“The only real stumbling block is fear of failure. In cooking you’ve got to have a what-the-hell attitude.” ~ Julia Child

Frank shared one of his favorite stories with us as well.

The Widower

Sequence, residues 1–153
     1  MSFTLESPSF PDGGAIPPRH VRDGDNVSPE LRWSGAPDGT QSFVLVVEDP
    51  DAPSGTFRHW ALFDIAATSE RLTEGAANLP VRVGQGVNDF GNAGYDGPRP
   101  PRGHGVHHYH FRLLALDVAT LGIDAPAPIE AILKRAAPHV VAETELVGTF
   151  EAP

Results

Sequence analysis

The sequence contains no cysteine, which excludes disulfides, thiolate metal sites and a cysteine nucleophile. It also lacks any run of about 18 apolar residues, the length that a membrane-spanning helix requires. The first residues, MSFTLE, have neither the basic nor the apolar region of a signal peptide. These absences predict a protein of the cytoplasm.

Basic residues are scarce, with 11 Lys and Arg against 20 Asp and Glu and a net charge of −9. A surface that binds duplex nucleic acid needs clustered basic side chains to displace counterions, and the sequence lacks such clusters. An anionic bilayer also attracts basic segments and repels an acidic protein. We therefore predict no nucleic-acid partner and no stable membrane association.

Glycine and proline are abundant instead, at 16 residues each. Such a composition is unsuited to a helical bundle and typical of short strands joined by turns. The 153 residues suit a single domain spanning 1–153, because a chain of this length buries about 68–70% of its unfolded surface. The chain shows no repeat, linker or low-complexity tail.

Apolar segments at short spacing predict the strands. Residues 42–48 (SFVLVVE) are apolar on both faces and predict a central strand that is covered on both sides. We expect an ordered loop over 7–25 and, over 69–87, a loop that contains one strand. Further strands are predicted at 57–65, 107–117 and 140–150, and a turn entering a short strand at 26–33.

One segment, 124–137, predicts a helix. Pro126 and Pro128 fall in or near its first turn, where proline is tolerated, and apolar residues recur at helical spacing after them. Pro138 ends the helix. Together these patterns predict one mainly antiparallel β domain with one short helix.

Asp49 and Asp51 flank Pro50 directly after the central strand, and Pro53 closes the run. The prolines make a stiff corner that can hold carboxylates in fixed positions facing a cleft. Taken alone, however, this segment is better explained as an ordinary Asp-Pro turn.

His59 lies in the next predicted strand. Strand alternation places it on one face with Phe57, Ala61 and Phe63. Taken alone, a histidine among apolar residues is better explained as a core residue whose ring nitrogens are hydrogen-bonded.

One late evening in the early 80’s, Geno decided to grab the telephone book, after having a few beers, where he would start rummaging through the M’s for all the Morin’s within the city of Chicago. He was curious to know exactly how many Morin’s there were. Surprisingly, there were only two… his family and one other person by the name of Morin was listed. Geno decided to call the phone number only to discover that it was registered to a little old woman who lived on the northwest side of Chicago. It was then that he shared that his last name was Morin, too, and thought perhaps they were related. Being the charismatic person he is, Geno carried a conversation on with this woman and chatted with her for the longest time, where he discovered that she wasn’t a relative after all, she had been a widower for many years, and that she liked to talk just as much as Geno did. After a lengthy conversation, Geno decided to end their conversation, while wishing the widower his best. With that, they hung up.